The growth projection of the global economy tilted overwhelmingly to the downside for the coming year. Recently, the International Monetary Fund cut its global growth projections for 2022 and 2023. It not only dubbed the world’s economic outlook ‘gloomy and more uncertain’ but informed it expects it to grow by only 3.2 percent this year.
The current forecasts for growth raised the prospect of a more pronounced slowdown as the IMF estimated the growth previously in April of 3.6 percent. But this time, the fund downgraded its expectation for growth to 3.2 percent. The global growth weakens further to 2.9 percent in the coming year. Three months ago, the projections were 0.4 and 0.7 percentage points higher. It added the global economy has shrunk for the first time since 2020.
The world may soon be teetering on the edge of a global recession - International Monetary Fund.
It’s not a single shock that hit the world economy weakened by the pandemic. Russia’s invasion of Ukraine, China’s second lockdown, higher-than-expected inflation worldwide, and further covid outbreaks are among the factors that triggered the slowest economic growth around the globe. The outlook has darkened significantly since April, said the IMF’s Economic counselor, Pierre-Olivier Gourinchas. “The world may soon be teetering on the edge of a global recession, only two years after the last one.” He further informed about the downside risks to the global economy that could result in even poor performance. Some among them include:
Global inflation is likely to intensify.
The forecasts by IMF around inflation have also slashed the hopes for relief. It raised its forecast for global inflation for this year and 2023 by nearly a percentage point to 8.3 percent and 5.7 percent, respectively. Researchers at the IMF describe the situation around inflation: “Global inflation has been revised up due to food and energy prices as well as lingering supply-demand imbalances, and it is anticipated to reach 6.6 percent in advanced economies and 9.5 percent in emerging market and developing economies this year.” IMF further added the economic outlook became much more gloomy and “extraordinarily uncertain” with inflation at peaks and challenges to growth increasing.
Which countries lead the downgrades?
The worsening growth prospects in the United States, China, and India drove the IMF’s downward revisions. Concerning America, the GDP growth is weaker than expected in the first half of 2022 amid the reduced household purchasing power and tightening monetary policy. The outlook also lowered by 1.4 percent compared with the last predictions. China’s economy is observing growth 1.1 percentage points short of previous estimates, following extended Covid lockdowns and a deepening real estate crisis. At its lowest clip, the world’s second-largest economy anticipates growth of 3.3 percent in 2022.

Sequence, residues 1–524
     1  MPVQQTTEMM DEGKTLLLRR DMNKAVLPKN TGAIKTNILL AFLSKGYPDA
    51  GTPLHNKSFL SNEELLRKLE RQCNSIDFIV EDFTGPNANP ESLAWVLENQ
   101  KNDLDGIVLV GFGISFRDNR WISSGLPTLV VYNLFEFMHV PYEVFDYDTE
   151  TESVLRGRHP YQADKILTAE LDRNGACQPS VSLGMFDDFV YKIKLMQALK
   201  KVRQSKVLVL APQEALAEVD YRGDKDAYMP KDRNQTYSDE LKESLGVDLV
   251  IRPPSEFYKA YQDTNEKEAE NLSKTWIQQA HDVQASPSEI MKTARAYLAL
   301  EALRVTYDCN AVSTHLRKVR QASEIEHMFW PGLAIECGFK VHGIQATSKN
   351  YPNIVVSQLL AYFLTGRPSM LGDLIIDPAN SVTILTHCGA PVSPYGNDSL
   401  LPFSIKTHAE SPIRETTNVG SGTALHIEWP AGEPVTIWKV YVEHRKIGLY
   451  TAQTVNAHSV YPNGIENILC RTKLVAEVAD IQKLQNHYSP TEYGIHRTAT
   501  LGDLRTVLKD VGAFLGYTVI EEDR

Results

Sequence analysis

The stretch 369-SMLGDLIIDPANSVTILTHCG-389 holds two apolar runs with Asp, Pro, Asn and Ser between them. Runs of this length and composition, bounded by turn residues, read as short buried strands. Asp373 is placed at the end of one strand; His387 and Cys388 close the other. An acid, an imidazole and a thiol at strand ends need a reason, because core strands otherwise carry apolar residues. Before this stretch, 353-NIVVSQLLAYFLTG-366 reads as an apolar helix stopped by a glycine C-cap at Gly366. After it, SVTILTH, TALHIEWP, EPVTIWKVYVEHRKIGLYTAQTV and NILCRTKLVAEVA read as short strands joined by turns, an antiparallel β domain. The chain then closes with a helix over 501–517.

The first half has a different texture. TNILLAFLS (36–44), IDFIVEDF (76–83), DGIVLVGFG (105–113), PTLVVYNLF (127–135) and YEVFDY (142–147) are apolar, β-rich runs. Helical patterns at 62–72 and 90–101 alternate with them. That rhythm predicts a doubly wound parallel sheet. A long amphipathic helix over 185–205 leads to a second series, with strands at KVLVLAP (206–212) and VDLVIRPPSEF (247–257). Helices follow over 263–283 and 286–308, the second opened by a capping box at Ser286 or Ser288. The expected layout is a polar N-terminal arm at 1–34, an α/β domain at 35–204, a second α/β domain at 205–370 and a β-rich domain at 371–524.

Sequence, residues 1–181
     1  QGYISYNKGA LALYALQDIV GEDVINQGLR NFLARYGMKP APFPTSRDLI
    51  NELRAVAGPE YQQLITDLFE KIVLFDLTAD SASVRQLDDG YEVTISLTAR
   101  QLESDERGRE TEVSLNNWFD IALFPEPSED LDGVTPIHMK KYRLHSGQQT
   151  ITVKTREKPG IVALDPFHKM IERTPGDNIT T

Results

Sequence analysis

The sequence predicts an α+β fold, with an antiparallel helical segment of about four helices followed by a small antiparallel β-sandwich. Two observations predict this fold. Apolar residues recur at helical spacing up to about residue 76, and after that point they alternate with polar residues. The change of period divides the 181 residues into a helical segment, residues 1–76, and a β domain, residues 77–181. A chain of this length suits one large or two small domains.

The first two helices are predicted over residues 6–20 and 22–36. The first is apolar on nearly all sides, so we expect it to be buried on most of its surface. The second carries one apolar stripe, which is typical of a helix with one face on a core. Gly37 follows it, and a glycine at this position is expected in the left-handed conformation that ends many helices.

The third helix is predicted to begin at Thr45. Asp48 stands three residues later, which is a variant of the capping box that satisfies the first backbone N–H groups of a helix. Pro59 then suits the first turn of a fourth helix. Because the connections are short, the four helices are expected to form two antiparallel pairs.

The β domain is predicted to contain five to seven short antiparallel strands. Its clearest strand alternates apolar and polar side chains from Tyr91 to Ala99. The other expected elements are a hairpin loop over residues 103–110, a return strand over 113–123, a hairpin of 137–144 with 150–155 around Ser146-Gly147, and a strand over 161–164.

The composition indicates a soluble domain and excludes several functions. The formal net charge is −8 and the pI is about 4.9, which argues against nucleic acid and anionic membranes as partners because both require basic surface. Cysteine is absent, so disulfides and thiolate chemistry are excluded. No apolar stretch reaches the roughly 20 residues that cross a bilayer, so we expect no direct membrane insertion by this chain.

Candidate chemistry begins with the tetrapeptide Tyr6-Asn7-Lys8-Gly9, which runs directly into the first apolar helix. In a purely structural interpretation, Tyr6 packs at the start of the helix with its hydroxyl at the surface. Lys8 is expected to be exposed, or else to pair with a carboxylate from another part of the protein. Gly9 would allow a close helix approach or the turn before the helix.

Less favorable external conditions and rapid policy tightening cut India’s forecast by 0.8 to 7.4 percent. Parallelly, Russia’s economy contracted less than expected in the second quarter. The IMF said it comes despite wide-reaching economic sanctions over its unprovoked invasion of Ukraine. Its 2022 projection was revised up 2.5 percentage points, though its estimated growth rate remains negative at -6.0 percent.
This country is on the path to the slowest growth of G7 countries in 2023
The IMF further warned the United Kingdom is to trail with the slowest growth among the G7 group of the world’s wealthy economies. The GDP is now only expected to rise by 0.5% in 2023. Concerning price hikes, the combination of Covid, Brexit, and the war in Ukraine pushed UK inflation, which hit 9.4 percent in June, higher than that of its peers in the G7 group of wealthy nations, including the United States, Germany, and France. It also revised its expectation for UK inflation to average 10.5 percent this year, up from 7.8 percent in its April forecast, because of the country’s exposure to rises in natural gas prices as a net importer of energy.
What should be the top priority now?
Inflation across the world continues to track higher throughout the year. With rising prices fueling a global cost-of-living crisis, the IMF said taming inflation should be policymakers’ number one priority. The report raised the alarm about how ‘Tighter monetary policy will inevitably have real economic costs, but the delay will only exacerbate them.’
The recent update by IMF to its “World Economic Outlook” report informed of a dire prediction for the world economy. The primary reasons cited for the revision in growth expectations were the damage done to European economies from the Russian-Ukrainian War, the new covid outbreak, more lockdowns in China, inflation eating into consumers’ spending power, and tightening monetary policy around the globe. The report mentioned that if Russia abruptly stopped all gas flows to Europe, inflation will not subside as expected. If widespread lockdowns continue in China, the world economy could witness growth as low as 2.6 percent in 2022 and 2.0 percent in 2023.
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